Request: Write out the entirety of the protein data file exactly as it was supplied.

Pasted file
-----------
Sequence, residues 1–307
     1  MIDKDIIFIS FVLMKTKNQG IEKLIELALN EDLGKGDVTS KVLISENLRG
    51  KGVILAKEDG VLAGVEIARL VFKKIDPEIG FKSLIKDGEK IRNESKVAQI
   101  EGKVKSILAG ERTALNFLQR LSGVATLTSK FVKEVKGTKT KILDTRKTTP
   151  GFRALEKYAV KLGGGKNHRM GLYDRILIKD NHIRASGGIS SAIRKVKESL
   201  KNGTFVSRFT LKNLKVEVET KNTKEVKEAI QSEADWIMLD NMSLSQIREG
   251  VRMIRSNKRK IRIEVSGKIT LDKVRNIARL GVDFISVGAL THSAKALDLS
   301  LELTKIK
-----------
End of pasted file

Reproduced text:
Sequence, residues 1–307
     1  MIDKDIIFIS FVLMKTKNQG IEKLIELALN EDLGKGDVTS KVLISENLRG
    51  KGVILAKEDG VLAGVEIARL VFKKIDPEIG FKSLIKDGEK IRNESKVAQI
   101  EGKVKSILAG ERTALNFLQR LSGVATLTSK FVKEVKGTKT KILDTRKTTP
   151  GFRALEKYAV KLGGGKNHRM GLYDRILIKD NHIRASGGIS SAIRKVKESL
   201  KNGTFVSRFT LKNLKVEVET KNTKEVKEAI QSEADWIMLD NMSLSQIREG
   251  VRMIRSNKRK IRIEVSGKIT LDKVRNIARL GVDFISVGAL THSAKALDLS
   301  LELTKIK